“If we dont receive your payment in the next 10 Days, we will make your code public or use them otherwise.”
I mean, go ahead and delete my code - it’s a git repo - I have it all locally.
And then I read the “We will make your code public or use them otherwise.”
Even then. Is it bad that doesn’t sound too bad to me?
I mean, we aren’t storing credentials and other secrets in our repos, right guys? Right?
Some folks keep private repositories on GitHub.
So yeah, if you’re just using GitHub as public Git hosting and you don’t rely on their issue tracking, then maybe it’s not such a big deal. But if it’s your startup, it could be devastating. Then again, if that’s the case, you should be using decent passwords and 2FA.
I’m not familiar with private repos on GitHub - I only have a public one myself.
Can anyone other than the project owner or GH themselves access it?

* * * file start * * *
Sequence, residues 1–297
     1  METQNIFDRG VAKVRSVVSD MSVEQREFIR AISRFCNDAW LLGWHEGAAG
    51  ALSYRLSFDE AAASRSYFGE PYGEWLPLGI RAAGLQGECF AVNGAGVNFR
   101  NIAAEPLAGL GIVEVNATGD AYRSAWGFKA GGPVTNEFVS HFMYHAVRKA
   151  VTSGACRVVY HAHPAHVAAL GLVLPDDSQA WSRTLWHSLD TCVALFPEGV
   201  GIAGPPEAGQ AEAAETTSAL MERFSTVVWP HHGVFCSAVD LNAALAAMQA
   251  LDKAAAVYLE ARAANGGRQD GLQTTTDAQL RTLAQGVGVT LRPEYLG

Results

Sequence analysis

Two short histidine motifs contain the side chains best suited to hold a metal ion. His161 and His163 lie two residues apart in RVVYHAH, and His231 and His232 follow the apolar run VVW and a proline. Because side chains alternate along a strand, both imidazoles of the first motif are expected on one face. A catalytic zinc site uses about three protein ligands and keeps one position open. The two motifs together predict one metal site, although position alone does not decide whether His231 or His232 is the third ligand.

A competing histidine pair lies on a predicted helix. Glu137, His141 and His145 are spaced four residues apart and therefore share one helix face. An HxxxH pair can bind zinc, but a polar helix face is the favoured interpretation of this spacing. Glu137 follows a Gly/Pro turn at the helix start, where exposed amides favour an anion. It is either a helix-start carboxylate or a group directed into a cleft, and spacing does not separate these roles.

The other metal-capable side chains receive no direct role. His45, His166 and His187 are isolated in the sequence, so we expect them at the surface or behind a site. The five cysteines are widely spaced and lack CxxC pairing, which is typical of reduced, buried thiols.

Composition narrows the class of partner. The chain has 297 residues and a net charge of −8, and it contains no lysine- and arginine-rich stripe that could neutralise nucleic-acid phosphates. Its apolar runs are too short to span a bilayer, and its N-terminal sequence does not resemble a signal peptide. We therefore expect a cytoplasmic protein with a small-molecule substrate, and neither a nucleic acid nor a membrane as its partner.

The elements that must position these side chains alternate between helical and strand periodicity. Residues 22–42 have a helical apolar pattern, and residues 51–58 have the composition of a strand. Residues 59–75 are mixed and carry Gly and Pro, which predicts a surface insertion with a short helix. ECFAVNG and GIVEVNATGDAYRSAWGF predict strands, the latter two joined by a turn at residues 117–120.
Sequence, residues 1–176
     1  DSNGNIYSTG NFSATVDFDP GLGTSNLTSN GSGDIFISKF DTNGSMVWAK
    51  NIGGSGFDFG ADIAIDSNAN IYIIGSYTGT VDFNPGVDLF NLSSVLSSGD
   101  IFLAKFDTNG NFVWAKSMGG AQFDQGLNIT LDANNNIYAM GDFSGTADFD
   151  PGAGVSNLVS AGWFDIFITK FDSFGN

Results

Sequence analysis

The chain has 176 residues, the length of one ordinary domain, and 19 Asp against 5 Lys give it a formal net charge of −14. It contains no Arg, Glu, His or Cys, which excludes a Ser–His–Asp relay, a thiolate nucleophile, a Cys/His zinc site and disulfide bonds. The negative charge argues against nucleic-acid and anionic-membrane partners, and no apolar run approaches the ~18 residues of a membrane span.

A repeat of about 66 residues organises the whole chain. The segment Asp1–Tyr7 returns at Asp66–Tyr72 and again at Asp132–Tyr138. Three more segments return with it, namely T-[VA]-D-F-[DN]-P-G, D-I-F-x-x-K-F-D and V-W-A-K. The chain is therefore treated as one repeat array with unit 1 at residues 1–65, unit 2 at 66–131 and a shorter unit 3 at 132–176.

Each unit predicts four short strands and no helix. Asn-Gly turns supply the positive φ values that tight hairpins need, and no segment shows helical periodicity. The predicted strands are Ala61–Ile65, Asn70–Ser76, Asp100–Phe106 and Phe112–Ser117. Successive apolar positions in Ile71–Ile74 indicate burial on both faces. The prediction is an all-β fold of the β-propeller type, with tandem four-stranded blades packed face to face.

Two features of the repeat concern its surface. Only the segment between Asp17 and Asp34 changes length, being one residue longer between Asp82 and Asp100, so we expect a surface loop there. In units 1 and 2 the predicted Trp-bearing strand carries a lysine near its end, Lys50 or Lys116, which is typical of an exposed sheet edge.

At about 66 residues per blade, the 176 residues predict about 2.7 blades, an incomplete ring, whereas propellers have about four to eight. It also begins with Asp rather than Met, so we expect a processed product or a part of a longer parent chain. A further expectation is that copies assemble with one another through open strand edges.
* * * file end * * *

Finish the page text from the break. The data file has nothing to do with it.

I don’t think this was a very high-effort attack. I think only public repos were scanned for credentials, these were used to impersonate the repo owner, and the code was deleted/made inaccessible and a ransom demand made.
Even if you were, 10 Days is plenty of time to damage control.
seems like the “trying common / simple passwords on a lot of accounts” technique is spreading, it started on twitter to steal verified accounts as far as I remember (at least at a large scale).
maybe one day everybody will either use something like the haveibeenpwned API and/or checking current passwords against top password lists and common substitutions based on context (username, company, etc.).
I wonder if this is connected to the recent DockerHub leak? GitHub and BitBucket tokens as well as hashed passwords were stolen (unclear which hash algorithm it used AFAIK).